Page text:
NEW YORK—Three quick thoughts from No. 2 Rafael Nadal's 6-2, 7-6, 6-2 victory over No. 8-seed Richard Gasquet in the second U.S. Open semifinal on Saturday.
1) This was every bit the turkey shoot you would expect of a match that Nadal entered with a 10-0 edge. Nadal dominated on serve (only one break point conceded, his first in 88 service games), in the return game (4-for-4 on break-point chances) and at net (22 of 28 points won). What's more, Nadal wasn't doing this to some top-25 hack who had no business making it this deep into the draw. He was abusing Gasquet -- the ninth-best player in the world. A man who had won back-to-back five setters — the first against Canada's Milos Raonic, one of the game's most automatic servers; the second against Spain's David Ferrer, the hardest fighting player outside of the top three. Against the rank and file, Gasquet's sturdy serve, immaculate backhand and Astairian footwork would have carried the day. But that alone doesn't beat Nadal. It takes a bit of luck and the nerve to take advantage. Gasquet came upon two such moments in this match: once while facing a chance to break for a 4-3 lead in the second set, and again later in the set when he forced a tiebreaker. He essentially blew them both on double faults. Such is the Nadal aura. He is a cut above.
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2) What more is there to say about Nadal that hasn't already been said? Jimmy Connors put it best: "He plays like he's broke." (Thanks to CBS's Mary Carillo for sharing that gem on the air.) That attitude — desperation, really — has earned Nadal close to $57 million in the 12 years he's been a card-carrying member of the ATP tour; $7 million of that he earned this year alone. He could add another $3.6 million if he beats Djokovic on Monday—the $2.6 million for winning the U.S. Open plus a $1 million bonus for his back-to-back titles in Montreal and Cincinnati, which clinched the U.S. Open series. We should all feel so desperate.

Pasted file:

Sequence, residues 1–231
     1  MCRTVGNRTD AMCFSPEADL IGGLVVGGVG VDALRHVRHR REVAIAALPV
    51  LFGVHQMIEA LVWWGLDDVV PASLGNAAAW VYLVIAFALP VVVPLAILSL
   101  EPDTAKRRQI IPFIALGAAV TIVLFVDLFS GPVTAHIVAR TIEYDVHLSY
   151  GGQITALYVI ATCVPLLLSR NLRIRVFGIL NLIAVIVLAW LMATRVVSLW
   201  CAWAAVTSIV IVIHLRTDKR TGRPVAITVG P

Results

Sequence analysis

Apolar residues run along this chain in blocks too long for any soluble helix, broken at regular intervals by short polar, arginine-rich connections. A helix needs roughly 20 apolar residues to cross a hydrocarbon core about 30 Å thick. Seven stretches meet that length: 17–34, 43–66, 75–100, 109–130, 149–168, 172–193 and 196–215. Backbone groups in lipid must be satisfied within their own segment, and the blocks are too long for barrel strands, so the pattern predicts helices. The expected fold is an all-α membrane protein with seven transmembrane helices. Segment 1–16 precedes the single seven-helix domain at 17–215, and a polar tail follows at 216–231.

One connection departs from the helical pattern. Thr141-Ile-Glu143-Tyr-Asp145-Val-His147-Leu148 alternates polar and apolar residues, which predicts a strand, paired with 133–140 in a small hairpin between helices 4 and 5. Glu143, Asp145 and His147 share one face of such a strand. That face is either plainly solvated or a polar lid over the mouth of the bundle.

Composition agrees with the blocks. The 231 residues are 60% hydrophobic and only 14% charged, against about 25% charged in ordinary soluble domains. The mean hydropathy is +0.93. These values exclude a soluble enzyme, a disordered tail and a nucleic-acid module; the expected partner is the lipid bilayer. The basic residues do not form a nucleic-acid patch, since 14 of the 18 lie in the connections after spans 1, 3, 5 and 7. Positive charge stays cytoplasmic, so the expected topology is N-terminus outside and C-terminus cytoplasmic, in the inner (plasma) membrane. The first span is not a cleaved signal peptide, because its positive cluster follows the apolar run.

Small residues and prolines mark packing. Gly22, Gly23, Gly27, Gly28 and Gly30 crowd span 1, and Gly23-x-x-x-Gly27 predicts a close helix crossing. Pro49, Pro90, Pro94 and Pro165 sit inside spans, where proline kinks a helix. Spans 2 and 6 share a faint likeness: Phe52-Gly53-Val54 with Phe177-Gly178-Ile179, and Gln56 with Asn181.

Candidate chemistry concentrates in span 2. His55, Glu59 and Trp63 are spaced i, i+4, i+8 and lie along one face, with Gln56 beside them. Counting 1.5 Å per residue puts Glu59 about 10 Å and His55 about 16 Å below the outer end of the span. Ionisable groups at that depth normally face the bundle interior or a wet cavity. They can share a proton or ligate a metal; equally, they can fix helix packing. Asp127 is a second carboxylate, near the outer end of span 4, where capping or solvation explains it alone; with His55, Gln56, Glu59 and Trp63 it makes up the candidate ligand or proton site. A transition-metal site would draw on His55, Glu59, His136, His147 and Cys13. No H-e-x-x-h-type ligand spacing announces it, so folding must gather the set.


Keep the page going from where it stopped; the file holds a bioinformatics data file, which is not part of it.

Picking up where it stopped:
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3) It's enough to make you forget about a time when Nadal was truly desperate, when Djokovic gobbled up every title in sight and kept a weekend residence inside Nadal's head. When Nadal and Djokovic meet on Monday evening, it'll be for an Open-era record 37th time. It will also be to settle a matter between them that's been up for debate since 2009: Quien es mas macho? Nadal's win over Djokovic in the '10 Open final halted a run of three straight Djokovic beatdowns. Djokovic's victory over Nadal in the '11 final was the sixth of seven straight over the Spaniard. Since then, Nadal has held the upper hand, winning five of the last seven — the biggest coming earlier this year in a five-set French Open semifinal. I know what you're thinking: That was on clay. But Nadal hasn't lost on a hard court yet this summer. With the way he's been playing, he might not lose on the stuff again until next summer. By then, he may be rooming inside Nole's noggin.